Halfpipe tweaked, slopestyle divided in two, team event added
A visualisation of the proposed ‘Modified Pipe’ and jump line. Photo: Dew Tour
While the contest circuit remains a bit of a shambles overall, the Dew Tour is now firmly established as the premiere kick-off event for the world’s best halfpipe and slopestyle riders. This year it’s back in Breckenridge from 8th-11th December 2016.
Although the venue may be the same as last year, the events sure aren’t. This year’s Dew Tour is like none that have come before, with several major changes to the competition formats. Here’s how it’s going to go down in Colorado:
The halfpipe contest is now ‘Modified Pipe’. Clearly taking inspiration from Danny Davis’ Peace Park (also backed by Mountain Dew), the stunt-ditch will have hips and jumps at either end that allow riders to add a bit more of their own flavour to their runs. We’re predicting bucketloads of flair, and a headache for the judges… There’s no word yet on the riders, but Shaun White will need more than his stock run if he wants to defend his title.
Slopestyle has had an even bigger overhaul; instead of a mixed course, the jump and rail sections will be treated as two different events. Since the word first appeared, the whole point of slopestyle has previously been to see who can combine the best of both in one smooth and varied run. Splitting the two disciplines therefore seems a bit odd. Having said that, there’s a whiff of staleness to the three-rails-followed-by-three-jumps format, and here’s one way to shake it up.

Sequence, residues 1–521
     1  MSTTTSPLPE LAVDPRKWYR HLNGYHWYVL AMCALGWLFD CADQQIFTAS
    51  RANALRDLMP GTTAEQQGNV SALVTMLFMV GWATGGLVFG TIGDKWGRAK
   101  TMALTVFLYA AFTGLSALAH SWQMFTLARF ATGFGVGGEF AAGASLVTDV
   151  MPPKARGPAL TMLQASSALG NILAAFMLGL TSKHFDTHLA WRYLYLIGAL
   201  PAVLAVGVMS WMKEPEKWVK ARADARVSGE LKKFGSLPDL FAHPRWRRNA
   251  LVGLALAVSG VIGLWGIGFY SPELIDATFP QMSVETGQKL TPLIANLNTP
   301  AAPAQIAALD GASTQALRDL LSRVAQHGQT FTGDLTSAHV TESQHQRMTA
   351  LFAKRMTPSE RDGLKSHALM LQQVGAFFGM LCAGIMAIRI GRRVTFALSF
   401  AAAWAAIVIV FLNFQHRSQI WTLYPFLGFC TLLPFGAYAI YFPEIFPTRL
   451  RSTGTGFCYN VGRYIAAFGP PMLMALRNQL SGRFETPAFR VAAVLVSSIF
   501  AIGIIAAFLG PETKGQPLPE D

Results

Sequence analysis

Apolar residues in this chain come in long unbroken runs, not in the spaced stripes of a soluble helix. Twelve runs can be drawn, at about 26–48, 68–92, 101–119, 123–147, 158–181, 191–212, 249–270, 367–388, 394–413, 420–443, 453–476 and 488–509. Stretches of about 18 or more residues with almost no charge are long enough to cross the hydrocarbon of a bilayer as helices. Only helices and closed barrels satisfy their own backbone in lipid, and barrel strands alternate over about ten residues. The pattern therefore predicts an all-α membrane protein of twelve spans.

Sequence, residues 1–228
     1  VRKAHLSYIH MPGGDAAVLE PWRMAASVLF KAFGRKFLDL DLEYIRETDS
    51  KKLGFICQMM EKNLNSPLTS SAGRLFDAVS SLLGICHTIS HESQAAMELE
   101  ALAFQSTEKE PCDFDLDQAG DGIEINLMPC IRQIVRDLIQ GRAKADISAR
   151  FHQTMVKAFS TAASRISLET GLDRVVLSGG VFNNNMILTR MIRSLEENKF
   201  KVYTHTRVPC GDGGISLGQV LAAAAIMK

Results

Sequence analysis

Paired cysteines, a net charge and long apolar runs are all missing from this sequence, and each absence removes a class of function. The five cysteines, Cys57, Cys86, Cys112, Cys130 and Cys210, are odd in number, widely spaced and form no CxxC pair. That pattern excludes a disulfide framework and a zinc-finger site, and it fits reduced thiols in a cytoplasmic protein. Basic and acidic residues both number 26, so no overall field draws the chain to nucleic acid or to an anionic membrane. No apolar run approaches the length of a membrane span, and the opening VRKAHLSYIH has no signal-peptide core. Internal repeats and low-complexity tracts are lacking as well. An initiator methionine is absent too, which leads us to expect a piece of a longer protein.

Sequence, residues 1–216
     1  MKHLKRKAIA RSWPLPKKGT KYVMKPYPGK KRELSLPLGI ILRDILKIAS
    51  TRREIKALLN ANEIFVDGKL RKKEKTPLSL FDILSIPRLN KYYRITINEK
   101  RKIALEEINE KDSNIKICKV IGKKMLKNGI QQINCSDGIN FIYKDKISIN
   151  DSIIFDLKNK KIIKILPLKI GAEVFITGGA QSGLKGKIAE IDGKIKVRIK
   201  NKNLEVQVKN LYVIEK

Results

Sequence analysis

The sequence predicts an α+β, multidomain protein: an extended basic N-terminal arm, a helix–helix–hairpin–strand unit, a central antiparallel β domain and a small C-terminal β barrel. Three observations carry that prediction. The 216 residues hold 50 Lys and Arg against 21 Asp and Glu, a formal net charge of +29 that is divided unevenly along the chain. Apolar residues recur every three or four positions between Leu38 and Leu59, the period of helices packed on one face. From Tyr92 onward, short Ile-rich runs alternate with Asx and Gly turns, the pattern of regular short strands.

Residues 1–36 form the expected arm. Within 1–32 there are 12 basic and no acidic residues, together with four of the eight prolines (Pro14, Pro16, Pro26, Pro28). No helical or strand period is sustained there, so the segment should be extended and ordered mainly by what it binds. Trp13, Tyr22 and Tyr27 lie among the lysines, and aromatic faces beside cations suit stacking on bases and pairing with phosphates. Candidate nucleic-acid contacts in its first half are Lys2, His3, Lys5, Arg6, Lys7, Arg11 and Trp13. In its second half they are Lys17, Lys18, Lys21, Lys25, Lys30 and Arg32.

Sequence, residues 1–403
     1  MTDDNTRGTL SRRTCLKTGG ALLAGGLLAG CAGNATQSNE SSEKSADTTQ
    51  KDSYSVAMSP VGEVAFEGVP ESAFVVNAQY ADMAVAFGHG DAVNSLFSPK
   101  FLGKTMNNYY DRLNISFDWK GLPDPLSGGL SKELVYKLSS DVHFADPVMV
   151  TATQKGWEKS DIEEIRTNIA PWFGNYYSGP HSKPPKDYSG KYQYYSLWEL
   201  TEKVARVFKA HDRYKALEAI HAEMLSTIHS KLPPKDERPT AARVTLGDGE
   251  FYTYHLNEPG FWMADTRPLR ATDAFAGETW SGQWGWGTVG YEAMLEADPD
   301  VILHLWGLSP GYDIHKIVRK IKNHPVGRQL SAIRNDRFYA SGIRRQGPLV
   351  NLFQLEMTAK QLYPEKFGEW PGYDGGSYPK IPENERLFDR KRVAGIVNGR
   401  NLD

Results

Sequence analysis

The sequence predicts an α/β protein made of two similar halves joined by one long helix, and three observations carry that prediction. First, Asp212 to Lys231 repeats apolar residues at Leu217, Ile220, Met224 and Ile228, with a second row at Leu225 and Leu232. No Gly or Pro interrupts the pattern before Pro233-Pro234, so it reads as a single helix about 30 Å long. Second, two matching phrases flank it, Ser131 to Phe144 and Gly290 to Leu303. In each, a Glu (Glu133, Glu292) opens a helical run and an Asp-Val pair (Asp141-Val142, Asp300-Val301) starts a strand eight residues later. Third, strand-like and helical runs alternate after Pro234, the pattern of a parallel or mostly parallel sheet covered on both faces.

“Will other top-tier events like the Burton US Open and X Games follow suit, giving us a truly varied tour?”
It’ll be especially interesting in the women’s event, where typically the rail tricks have been far safer than what gets thrown down on the kickers. We’re expecting to see way more spinning on and off the features, and perhaps some fresh names appearing on the podium.
If that weren’t enough, six snowboard brands will be putting three of their riders forward into the team event (one each for pipe, rails and jumps). Again, we’ll have to wait and see which companies take part, but you can expect to see some top rail rats who otherwise wouldn’t have any business at a slopestyle comp.
Regardless of how things turn out, we’re pleased to see an event breaking convention in this way. Will other top-tier events like the Burton US Open and X Games follow suit, giving us a truly varied tour?
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